The symptoms of this class of sin will be shown in deflections from duty as well as in positive acts of transgression, and especially in sloth or indisposition for the fulfilment of duty. The priest will form his judgment with reference to the prevalence of this class of sin by careful consideration, and by comparing the various instances of sinful act or omission which the penitent has to confess. He must remember that they are only symptoms, and must make it his effort to trace them to their source. For example, dis honesty, duplicity, i.e. untruth in any form, may often be the direct consequences of this form of sin, and the cure of these faults must therefore oftentimes be sought (in the work of tracing it out to its source and seeking (to apply the remedy there. A test question for this kind of treatment is such a one as this, ” In what kind of things do you place your feeling of rest? In what directions do you turn as your source of solace and comfort under care and wear and tear? ”
The opposite of this form of sin antidote and substitute is the love of God.
(2) The second form of tendency is that which we might designate as consisting in the spirit of uncharity.
Its root is pride. It may be accompanied by a considerable capacity for real self-denial and a fair degree of freedom from tendencies towards indulgence in the natural appetites or in the habit of indulgence.
It is active and energetic; in fact, one of its symptoms is that of contempt for those who are otherwise, for the idle, self-indulgent, sensual, One of its leading
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symptoms, therefore, is that of a spirit of censoriousness.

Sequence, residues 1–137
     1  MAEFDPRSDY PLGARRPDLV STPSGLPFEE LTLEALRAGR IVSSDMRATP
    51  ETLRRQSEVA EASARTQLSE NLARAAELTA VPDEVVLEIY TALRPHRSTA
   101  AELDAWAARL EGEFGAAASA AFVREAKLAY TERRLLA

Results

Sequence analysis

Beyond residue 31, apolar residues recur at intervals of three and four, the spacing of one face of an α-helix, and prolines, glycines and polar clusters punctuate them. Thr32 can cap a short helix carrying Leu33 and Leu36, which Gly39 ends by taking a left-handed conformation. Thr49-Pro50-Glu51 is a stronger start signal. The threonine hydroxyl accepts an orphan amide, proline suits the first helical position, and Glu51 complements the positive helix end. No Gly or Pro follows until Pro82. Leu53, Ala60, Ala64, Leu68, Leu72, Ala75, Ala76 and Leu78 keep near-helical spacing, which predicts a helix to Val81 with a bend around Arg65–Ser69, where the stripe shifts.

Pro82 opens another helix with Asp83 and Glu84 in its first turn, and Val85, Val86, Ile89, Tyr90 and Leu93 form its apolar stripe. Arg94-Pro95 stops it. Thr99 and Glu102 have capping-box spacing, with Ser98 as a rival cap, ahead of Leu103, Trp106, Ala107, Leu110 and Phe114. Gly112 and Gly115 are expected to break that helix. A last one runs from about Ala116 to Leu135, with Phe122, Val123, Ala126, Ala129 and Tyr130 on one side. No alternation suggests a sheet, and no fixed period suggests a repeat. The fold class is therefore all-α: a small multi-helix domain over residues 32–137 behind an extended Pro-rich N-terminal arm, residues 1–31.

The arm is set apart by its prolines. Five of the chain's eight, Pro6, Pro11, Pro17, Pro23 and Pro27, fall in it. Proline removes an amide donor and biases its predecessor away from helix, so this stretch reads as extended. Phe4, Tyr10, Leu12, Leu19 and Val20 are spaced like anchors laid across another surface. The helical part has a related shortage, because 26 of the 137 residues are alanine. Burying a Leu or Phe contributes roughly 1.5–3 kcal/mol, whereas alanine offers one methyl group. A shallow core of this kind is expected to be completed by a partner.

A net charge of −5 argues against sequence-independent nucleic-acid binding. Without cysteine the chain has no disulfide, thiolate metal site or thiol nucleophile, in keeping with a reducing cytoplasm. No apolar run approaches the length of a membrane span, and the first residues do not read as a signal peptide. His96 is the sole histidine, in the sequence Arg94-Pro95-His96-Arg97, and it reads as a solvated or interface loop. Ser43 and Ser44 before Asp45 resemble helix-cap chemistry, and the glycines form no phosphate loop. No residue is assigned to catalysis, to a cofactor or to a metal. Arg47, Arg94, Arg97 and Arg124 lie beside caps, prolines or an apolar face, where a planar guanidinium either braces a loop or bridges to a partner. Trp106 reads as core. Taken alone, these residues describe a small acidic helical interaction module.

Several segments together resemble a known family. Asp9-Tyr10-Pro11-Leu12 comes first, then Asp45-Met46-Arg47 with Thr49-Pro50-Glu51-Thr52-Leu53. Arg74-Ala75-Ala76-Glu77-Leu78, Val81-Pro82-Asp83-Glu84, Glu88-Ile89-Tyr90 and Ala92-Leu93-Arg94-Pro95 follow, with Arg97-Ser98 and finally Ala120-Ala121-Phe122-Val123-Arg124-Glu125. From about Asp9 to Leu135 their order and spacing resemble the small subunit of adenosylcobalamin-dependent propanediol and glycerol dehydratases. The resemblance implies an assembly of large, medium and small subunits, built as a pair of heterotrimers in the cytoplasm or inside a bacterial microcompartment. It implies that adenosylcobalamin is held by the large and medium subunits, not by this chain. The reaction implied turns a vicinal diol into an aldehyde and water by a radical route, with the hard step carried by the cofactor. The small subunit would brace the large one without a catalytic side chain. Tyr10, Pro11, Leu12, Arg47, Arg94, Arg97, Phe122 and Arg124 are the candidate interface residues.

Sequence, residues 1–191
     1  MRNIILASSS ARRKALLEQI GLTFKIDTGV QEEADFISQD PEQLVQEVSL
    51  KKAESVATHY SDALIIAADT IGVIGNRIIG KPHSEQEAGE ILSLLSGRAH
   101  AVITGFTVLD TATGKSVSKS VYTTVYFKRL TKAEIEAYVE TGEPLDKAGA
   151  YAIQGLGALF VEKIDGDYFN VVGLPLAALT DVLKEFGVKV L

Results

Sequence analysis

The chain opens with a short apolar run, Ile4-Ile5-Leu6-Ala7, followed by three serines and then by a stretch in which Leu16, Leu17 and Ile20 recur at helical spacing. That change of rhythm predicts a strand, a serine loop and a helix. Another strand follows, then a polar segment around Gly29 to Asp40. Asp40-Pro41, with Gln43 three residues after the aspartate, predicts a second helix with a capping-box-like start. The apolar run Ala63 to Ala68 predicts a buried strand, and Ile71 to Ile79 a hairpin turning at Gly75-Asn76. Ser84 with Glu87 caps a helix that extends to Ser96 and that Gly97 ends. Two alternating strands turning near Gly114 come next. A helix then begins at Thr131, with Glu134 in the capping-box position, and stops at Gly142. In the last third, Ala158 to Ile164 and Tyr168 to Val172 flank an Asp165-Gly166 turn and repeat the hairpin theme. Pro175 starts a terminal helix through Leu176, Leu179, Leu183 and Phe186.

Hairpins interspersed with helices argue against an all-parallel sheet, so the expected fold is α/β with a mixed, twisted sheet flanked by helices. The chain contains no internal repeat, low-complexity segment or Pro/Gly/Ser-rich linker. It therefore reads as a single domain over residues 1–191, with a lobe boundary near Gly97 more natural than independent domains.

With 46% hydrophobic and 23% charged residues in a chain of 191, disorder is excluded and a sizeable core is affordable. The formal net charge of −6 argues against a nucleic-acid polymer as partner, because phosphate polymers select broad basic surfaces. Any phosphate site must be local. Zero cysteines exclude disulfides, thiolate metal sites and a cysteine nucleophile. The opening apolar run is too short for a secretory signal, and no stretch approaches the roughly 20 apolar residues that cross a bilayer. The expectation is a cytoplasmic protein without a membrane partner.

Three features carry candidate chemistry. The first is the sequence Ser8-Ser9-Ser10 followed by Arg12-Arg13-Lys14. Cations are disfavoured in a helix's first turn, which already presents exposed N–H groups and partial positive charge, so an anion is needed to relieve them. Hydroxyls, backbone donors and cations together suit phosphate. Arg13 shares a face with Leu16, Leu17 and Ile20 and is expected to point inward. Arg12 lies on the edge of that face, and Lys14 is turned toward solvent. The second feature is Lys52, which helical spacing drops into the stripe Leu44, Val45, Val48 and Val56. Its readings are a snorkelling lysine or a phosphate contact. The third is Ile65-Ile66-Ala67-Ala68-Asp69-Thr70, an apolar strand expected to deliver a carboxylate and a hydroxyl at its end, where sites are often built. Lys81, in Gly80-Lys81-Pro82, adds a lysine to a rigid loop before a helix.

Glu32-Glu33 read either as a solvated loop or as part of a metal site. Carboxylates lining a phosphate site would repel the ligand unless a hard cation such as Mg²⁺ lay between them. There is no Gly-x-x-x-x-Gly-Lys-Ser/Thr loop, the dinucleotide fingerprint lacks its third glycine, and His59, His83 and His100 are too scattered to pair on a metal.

Its developments are exhibited in a disposition for malice in all its forms and degrees; it may go to the extent which tempts to murder or the infliction of other injury, or it may simply take the form of permanent resentment. It may exhibit itself in the shape of hasty anger (0>juoe) or of settled ill-will (bpyit).
The extent of the sinfulness would not depend so much on the actual degree to which it has been carried, as to that degree and form to which the position and circumstances of the sinner would tempt him to carry it. Hence the impossibility of appraising the degree of sinfulness in any case. The varying constitution of the sinner and the varying forms of temptation as applied to various instances may bring about the result that the sin which is intrinsically identical in two or more instances of its performance may be attended with widely varying degrees of guilt in the perpetrators.
One main characteristic, and at the same time most serious form, in which this class of disposition is manifested is that of the spirit of unforgivingness.